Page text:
Embrace debate, not censorship

Next week, from Sept. 25 through Oct. 1, people who are passionate about autonomy, reading and books will observe Banned Books Week. The week is sponsored by a variety of organizations, including the American Library Association and the American Booksellers Association.

Banned Books Week is an annual event that features discussions in communities throughout the United States. The first Banned Books Week started in 1982 as an effort to raise awareness about an increase in the number of suppressed books. Librarians wanted to discuss the threats to our choices in reading. This year, the week will be celebrating diversity. The discussions will explore how and why writers from diverse backgrounds have faced an inordinate degree of censorship.

I wish that banning books was a relic from the puritanical past or a trope from science fiction. Unfortunately, the American Library Association reports that over 11,300 books have been banned or challenged since 1982.

Books, especially controversial ones, are vital to our society. We need books to debate issues. Books go beyond soundbites. They present more evidence than television or our sources from the internet. They are more thoughtful and incisive. They appeal to our intellect as well as our emotions. We need to understand people outside of our ideology. We need to consider other points. Only then can we have positive change.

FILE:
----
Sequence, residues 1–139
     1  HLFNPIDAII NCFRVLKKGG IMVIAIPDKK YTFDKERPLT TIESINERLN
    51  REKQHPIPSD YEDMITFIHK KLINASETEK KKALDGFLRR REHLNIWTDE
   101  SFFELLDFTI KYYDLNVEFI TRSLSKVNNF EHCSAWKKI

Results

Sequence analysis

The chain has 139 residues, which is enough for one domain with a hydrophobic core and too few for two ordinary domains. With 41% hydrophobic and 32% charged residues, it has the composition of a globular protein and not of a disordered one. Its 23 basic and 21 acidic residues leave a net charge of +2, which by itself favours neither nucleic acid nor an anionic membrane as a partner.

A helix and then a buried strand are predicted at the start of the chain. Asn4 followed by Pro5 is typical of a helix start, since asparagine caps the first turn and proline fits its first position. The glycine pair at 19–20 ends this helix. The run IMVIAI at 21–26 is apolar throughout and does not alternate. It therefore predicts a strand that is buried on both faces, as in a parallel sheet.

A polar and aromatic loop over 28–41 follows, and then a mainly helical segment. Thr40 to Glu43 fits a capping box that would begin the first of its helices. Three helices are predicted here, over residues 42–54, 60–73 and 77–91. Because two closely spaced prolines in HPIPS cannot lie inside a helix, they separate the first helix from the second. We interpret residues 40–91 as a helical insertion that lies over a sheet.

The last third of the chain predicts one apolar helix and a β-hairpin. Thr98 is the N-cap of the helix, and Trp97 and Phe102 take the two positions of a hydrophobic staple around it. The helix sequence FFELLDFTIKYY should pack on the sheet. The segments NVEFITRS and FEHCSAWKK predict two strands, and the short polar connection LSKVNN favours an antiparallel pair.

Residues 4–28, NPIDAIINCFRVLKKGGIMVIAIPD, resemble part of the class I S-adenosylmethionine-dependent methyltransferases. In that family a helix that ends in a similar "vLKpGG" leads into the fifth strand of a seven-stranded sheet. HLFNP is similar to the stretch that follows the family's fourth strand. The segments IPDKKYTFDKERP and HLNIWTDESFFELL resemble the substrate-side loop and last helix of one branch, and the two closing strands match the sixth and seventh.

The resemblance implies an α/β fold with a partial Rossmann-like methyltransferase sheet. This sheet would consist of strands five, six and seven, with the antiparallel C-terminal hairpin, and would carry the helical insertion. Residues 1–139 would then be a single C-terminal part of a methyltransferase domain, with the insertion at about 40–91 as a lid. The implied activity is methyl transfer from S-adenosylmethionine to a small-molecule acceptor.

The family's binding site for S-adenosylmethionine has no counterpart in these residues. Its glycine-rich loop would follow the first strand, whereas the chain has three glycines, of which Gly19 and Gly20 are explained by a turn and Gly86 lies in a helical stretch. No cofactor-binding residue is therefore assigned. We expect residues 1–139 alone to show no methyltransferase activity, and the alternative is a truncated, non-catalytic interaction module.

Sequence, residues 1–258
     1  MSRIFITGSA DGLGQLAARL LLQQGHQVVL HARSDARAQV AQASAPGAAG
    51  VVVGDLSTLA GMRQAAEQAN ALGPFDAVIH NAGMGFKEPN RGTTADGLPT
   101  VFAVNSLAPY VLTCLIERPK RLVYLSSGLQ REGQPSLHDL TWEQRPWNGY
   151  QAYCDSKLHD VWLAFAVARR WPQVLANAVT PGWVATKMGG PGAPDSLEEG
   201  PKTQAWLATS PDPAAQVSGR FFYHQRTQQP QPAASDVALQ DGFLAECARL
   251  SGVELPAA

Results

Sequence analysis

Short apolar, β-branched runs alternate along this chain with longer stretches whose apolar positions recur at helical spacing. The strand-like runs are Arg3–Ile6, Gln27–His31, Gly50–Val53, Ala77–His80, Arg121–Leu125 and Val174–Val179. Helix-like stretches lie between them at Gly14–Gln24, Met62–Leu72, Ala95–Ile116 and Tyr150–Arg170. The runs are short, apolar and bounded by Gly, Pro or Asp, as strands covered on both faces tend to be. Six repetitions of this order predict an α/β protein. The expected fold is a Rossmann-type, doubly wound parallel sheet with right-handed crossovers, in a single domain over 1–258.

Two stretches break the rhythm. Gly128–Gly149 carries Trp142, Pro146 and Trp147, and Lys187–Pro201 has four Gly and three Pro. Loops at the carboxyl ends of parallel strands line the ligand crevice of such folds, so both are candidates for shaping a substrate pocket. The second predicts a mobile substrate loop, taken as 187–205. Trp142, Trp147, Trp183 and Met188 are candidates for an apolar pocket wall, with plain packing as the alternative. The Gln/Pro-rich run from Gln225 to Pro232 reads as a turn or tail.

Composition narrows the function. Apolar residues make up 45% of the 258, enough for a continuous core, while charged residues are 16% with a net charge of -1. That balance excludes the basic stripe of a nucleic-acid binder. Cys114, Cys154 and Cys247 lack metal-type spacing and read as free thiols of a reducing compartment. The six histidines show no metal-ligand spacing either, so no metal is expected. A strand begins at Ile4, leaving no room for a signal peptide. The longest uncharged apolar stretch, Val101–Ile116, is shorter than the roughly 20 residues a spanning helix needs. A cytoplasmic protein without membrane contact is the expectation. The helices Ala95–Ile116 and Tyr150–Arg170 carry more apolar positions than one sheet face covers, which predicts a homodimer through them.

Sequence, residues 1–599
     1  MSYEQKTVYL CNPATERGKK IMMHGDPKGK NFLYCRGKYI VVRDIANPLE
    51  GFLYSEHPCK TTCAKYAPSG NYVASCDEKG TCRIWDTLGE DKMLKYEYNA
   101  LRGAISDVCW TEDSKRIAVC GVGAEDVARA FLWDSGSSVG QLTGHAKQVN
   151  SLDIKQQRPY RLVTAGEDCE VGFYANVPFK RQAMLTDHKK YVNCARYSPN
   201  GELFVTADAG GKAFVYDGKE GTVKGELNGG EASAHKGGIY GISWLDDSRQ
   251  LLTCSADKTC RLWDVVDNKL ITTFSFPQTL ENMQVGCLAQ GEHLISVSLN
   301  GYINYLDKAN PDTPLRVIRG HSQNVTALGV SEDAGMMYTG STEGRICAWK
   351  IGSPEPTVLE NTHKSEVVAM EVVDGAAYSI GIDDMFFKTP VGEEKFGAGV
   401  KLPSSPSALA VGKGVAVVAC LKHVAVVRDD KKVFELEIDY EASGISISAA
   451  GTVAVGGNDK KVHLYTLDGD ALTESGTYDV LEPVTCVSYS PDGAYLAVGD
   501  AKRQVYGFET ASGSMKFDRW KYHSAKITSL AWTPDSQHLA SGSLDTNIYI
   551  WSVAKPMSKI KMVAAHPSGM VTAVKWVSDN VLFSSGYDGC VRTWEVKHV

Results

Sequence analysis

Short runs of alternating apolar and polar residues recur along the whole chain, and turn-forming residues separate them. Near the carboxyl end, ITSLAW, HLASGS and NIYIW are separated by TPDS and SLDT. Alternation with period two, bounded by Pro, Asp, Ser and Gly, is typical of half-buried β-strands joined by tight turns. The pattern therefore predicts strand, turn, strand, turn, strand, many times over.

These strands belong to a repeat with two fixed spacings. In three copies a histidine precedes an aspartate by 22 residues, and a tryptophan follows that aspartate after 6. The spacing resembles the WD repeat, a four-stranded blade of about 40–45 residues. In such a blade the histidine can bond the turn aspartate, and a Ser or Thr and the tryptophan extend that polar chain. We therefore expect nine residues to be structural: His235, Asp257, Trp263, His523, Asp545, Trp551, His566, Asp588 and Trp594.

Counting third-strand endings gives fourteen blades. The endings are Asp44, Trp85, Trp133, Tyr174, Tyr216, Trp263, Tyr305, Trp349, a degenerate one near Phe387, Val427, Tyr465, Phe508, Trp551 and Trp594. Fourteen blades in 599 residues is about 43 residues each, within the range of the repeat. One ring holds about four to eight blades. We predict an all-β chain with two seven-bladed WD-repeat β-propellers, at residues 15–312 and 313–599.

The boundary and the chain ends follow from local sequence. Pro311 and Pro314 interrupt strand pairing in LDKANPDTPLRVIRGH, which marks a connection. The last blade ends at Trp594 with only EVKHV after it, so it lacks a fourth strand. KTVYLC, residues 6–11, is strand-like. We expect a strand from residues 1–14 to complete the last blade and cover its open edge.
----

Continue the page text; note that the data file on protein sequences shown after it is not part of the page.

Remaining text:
Throughout history, communities have banned books for a variety of reasons. Society has condemned books that feature sexual content, coarse language or religious themes. They have banned books with political ideas that challenged the mainstream ideology or dominant power structures. Schools, libraries and communities have also suppressed books by authors due to those writers’ political beliefs.

Books have changed and enriched my life. I know that I am not alone. They have presented me with ideas, solace and inspiration. Controversial books may be even more important than the more pedestrian and tame. If it is something that we all agree with, than why say or write it?

I could fill this column with the names of authors whose books have been banned or challenged. Books by luminaries such as Truman Capote, Dashiell Hammett, Norman Mailer, Toni Morrison, John Steinbeck and Ernest Hemingway have all been banned at some time or another.

Some of my favorite books have been banned or censored. Those books had the nerve to tell me that I was wrong. They challenged my comfort level or ideology. They told me that others saw the world differently. I do not have a monopoly on the truth. I have not always agreed with an author. But I am comfortable in disagreement.

I may not agree with a book’s content. As a matter of taste, I may not like it. I might find the author unappealing. But disagreeing with content or the point of view of an author is a far cry from censorship.

I think that many efforts to ban books backfire anyway. Knowing that something is perceived as dangerous or controversial often makes it more exciting and appealing.

As a part of Banned Books Week, the University Library of Columbus will be sponsoring a panel discussion from noon to 1 p.m. Tuesday in Room 1620 of the Columbus Learning Center. I hope you can pack a lunch, come to campus and join the conversation about censorship.

Aaron Miller is one of The Republic’s community columnists and all opinions expressed are those of the writer. He has a doctorate in history and is an associate professor of history at Ivy Tech Community College — Columbus. Send comments to editorial@therepublic.com.